Negotiating Business Finance in the Upswing


 It seems there is light on the horizon. House prices are on the up, meaning a secured loan offers less risk to your lender. Trade is slowly improving, so increased sales should mean increased profits. The falling pound means good news for exporters and that UK made goods should be more competitive in their home market (even some call-centres are being brought back to the UK from the third world). Although taxes will clearly need to rise, consumers are willing to spend if the price is right. Even labour costs are falling.
Before you get too excited, however, remember two maxims:
  • Insolvency risk is greatest in the upswing phase of the economy.
  • Most businesses fail, not because of lack of profitability, but because of lack of cash-flow.
These are important to remember, because your bank is acutely aware of them and the fact is that at some point, the Government is going to have to reign in public spending – hard – which will inevitably mean that consumer demand is affected. This will be compounded by the need for interest rates to rise, which is widely predicted for later in the year.
This combination of factors makes it difficult to predict whether bank lending will get easier to negotiate in 2010. However, what we have seen in deals that are taking place is that banks are looking more carefully at the security offered in the deal and are trying as hard as possible to improve their lending margins. It isn’t all about the cost of the loan, however – in order to negotiate the right deal, here are some tips of other things to think about:
Borrowing Generally
  • Make sure your lending proposition stands up on a cash-flow as well as a profitability basis and be able to defend your sales forecasts.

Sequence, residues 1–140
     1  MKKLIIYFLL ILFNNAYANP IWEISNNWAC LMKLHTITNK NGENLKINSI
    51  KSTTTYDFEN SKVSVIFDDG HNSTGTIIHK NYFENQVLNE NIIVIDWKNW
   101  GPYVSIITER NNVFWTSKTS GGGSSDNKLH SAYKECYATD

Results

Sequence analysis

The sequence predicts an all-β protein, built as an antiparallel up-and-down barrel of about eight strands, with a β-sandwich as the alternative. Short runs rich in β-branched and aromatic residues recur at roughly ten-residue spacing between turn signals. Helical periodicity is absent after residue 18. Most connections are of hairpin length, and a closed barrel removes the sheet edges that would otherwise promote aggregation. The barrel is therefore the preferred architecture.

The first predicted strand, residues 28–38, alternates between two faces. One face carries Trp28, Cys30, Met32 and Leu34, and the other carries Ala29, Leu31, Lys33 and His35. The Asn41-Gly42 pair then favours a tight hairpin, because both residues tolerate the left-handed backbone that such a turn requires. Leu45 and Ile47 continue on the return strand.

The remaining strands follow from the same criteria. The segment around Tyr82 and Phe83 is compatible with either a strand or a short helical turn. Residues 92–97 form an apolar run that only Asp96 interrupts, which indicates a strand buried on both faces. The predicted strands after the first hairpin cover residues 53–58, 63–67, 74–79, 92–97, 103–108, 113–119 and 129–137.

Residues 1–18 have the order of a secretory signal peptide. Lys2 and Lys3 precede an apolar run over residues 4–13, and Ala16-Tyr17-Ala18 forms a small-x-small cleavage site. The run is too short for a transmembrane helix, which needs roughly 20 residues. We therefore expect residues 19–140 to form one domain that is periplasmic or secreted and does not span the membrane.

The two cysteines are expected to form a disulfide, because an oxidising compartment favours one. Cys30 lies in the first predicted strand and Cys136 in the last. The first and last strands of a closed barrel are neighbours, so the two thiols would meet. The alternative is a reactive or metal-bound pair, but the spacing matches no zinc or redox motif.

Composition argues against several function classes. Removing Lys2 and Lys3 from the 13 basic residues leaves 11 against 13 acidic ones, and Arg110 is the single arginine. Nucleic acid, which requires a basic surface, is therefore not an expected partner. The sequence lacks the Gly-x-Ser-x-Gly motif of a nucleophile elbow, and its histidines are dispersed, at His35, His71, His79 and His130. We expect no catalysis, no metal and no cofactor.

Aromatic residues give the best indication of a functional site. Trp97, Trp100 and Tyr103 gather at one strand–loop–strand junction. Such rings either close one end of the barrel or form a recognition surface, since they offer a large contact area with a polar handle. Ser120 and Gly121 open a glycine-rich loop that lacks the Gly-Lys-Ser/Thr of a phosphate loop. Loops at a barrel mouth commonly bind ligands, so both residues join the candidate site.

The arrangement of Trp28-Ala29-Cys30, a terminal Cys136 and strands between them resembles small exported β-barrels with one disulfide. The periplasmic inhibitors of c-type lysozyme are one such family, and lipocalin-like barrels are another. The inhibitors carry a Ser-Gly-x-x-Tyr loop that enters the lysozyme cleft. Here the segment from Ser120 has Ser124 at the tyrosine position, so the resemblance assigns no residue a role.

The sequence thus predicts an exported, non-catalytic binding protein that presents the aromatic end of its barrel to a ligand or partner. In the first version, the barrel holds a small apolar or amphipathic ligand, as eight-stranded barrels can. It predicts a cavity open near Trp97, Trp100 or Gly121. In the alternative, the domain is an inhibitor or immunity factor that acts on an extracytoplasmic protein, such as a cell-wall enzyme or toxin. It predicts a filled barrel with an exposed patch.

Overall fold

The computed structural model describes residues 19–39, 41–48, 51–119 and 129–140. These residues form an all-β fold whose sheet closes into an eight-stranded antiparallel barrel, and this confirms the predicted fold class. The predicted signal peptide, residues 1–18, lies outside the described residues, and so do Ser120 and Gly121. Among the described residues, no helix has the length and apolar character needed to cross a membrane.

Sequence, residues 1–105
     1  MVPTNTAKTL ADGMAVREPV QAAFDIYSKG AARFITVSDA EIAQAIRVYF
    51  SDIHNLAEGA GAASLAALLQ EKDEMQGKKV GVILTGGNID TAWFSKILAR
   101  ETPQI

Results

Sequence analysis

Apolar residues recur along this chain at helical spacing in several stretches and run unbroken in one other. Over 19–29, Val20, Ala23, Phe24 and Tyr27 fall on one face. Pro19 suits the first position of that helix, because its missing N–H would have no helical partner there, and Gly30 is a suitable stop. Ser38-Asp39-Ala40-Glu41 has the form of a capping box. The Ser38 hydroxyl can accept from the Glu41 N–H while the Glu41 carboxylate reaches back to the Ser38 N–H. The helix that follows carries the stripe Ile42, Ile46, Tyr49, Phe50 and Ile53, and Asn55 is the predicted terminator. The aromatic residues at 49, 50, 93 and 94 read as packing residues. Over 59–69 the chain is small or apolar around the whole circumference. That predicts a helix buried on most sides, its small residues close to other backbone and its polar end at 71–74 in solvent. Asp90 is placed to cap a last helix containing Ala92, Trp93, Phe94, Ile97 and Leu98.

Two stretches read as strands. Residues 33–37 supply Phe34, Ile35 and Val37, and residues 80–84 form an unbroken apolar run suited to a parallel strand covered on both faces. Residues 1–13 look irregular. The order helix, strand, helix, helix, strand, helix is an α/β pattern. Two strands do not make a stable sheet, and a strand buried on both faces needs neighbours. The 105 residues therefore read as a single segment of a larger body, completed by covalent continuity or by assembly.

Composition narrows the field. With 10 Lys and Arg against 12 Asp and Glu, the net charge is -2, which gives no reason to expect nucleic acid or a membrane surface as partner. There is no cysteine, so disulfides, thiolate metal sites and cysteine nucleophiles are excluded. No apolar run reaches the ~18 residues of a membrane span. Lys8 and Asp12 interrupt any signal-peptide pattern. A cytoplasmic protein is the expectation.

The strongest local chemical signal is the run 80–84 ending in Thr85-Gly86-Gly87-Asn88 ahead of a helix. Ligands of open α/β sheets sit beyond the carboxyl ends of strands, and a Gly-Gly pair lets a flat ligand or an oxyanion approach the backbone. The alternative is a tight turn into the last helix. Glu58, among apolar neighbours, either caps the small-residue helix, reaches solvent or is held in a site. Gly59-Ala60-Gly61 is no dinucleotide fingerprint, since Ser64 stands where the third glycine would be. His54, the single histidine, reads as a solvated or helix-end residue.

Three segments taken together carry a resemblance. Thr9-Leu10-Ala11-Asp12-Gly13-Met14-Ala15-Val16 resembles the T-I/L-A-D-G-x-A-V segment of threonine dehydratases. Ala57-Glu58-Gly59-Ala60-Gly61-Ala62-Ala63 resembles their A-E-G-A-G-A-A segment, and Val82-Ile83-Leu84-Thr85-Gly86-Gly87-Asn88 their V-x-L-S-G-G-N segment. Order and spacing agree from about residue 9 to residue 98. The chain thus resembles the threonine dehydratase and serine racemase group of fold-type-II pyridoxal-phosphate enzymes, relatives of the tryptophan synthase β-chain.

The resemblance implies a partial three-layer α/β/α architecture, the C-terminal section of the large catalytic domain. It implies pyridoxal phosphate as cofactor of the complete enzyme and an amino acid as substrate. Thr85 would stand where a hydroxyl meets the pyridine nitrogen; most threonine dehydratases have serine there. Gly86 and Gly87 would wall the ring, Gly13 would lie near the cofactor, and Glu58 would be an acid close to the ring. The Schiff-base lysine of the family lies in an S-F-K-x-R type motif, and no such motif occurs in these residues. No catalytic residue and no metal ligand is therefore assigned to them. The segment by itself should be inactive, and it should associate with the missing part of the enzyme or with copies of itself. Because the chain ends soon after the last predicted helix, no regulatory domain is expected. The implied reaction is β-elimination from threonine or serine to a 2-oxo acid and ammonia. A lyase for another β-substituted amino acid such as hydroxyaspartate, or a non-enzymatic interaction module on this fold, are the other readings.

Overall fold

• Overdraft or loan? With an overdraft, you pay interest only on the amount you borrow plus an annual renewal fee (if the bank agrees to renew your overdraft). With a loan you pay interest in the whole sum from day 1, but normally at a lower rate and the loan cannot be recalled. Many loans have (in effect) penalties built in for early repayment. It is common advice for  ‘hardcore’ borrowing to be by way of loan and borrowing to finance assets and overdrafts to be used for short-term borrowing.
  • Don’t forget to read the small print. The legalities may one day be important to understand. Don’t just sign the loan agreement and forget it – take advice.
  • If you are borrowing only to finance greater sales, factoring or invoice discounting may be for you. These agreements are complicated and often impose significant extra accounting costs but can be a good way of reducing risk.
  • If you are self-employed, the lender’s ‘long stop’ is you and your assets. Take advice on how to minimise your risk before you borrow.
  • If you are worried about being able to stay within your overdraft limits, it is often worth borrowing on loan to make sure you can: penalty charges and interest rates on unagreed overdrafts can make them a very expensive way to borrow.
  • Credit cards. You may be tempted to use your credit cards for finance. This can be very risky as if you incur interest charges on a credit card, these will be much higher than normal commercial lending – and you won’t get tax relief on the borrowing.
  • Never borrow from an individual (particularly friends or family) unless you have a proper legal agreement in place (or want to risk a falling-out). 
  • Remember that the greater your exposure in respect of any loan, the less ‘spare credit’ you will be regarded as having for other borrowing.
Company Borrowing
If borrowing for a company, consider in addition:
·        Whether you are prepared to give a debenture for the loan (a debenture will give the bank security over all the company’s assets. This improves the bank’s security, but makes missing loan repayments dangerous, as the bank will have the right to appoint an administrator). Giving a debenture may reduce your cost, however.
·        You may be asked to give a personal guarantee. Take advice before agreeing. Again your assets are on the line.
·        If you borrow money personally and put it in your company, tax relief on the interest might not be available. This can make a cheap loan quite expensive after tax.
Borrowing sensibly isn’t just a matter of signing an agreement, taking the cash and making repayments. Negotiating loan finance successfully is easier if you are advised by experienced advisers who understand fully the legal implications of the documents you will be asked to sign.

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